COLLECTORS FIGHT FOR STATUES
Two statues by a South Yorkshire sculptor have caused major ripples in the art world.
The statues by Kilnhurst-born Charles Sargeant Jagger had stood virtually forgotten in the corner of a wildlife park near Reading in Berkshire.
But when the statues were put up for sale it led to a stampede by art collectors and a record price of more than 245,000.
They have become the most expensive pieces of garden statuary ever sold by Sotheby's South.
Saleroom experts had expected the statues - in Portland stone and featuring satyrs and maidens - to make around 100,000.
They were eventually bought by a private collector after a saleroom battle by a number of bidders.
Charles Sargeant Jagger carved the statues in the 1920s. He was from a family of artists whose work is now featured in a number of major collections.
The statues were one of 13 lots consigned to the garden statuary sale from Beale Park.

CHARLES SARGEANT JAGGER (1885-1934) - A KILNHURST SCULPTOR
Charles Sargeant Jagger is a British sculptor, born in Kilnhurst, and best known for his war memorials. He is described by Alan Borg as 'the only major artist to have made his reputation in this way' (War Memorials: From Antiquity to the Present, 1991). His most prestigious work is his Artillery Memorial at Hyde Park Corner in London.
`New Sculpture'
Charles Sargeant Jagger was born at Kilnhurst, Yorkshire, the son of a colliery manager, and at the age of 14 he was apprenticed as a metal engraver with the Sheffield firm of Mappin & Webb. In 1907 he won a scholarship to the Royal College of Art where he studied from 1908 to 1911. His early work, such as Torfrida (Clifton Park Museum, Rotherham, c 1911) shows the impact of the 'New Sculpture' in its medievalism and concentration on surface qualities. At the end of his student period he won a travelling scholarship that enabled him to spend several months in Rome and Venice.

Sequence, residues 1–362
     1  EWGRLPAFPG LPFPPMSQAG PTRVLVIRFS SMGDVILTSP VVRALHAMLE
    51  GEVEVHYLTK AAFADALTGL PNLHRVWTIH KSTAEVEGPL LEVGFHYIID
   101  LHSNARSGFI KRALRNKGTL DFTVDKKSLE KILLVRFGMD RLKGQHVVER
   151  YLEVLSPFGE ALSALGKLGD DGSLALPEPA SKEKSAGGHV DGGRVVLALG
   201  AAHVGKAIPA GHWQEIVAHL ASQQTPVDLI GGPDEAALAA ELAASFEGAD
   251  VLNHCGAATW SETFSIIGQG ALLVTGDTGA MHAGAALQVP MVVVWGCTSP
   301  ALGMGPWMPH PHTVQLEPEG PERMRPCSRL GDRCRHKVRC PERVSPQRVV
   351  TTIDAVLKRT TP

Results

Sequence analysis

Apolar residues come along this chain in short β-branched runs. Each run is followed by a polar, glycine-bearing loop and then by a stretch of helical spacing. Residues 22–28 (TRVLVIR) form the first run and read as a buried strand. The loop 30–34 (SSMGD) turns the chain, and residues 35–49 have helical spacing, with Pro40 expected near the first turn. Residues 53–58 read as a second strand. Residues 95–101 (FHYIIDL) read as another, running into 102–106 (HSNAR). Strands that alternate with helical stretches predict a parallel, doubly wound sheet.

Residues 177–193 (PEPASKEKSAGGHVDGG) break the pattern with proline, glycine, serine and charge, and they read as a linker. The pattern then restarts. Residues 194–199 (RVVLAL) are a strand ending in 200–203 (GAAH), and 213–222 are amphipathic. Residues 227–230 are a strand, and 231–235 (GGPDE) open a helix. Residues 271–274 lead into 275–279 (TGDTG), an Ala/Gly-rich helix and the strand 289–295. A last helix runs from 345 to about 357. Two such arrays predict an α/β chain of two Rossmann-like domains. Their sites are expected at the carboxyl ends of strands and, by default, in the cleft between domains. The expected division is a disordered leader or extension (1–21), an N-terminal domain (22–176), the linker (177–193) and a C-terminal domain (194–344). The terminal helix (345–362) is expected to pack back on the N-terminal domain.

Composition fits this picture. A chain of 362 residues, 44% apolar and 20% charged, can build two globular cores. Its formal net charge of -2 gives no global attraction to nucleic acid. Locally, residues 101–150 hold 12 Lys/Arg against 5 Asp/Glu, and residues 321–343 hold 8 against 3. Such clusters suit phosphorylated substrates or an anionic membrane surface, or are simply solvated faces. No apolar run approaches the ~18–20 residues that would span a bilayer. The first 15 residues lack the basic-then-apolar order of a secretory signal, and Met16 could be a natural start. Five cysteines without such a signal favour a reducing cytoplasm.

Military Cross
In 1913 he was placed second to Gilbert Ledward in competition for the Rome Scholarship and the following year he won the award. However, the First World War intervened before he could take it up. He enlisted in the army, fought at Gallipoli and in France, was wounded three times, and won the Military Cross. His experience of trench warfare is reflected in his huge bronze relief No Man's Land (Tate Gallery, London, 1919-20). He began making sketches for this in 1918 when he was recovering
from a severe wound, and the finished work was commissioned by the British School of Rome in lieu of the scholarship he had relinquished. It is one of the grimmest images inspired by the war, showing a solitary look-out taking cover behind corpses strewn across barbed wire.
Machine Gun Corps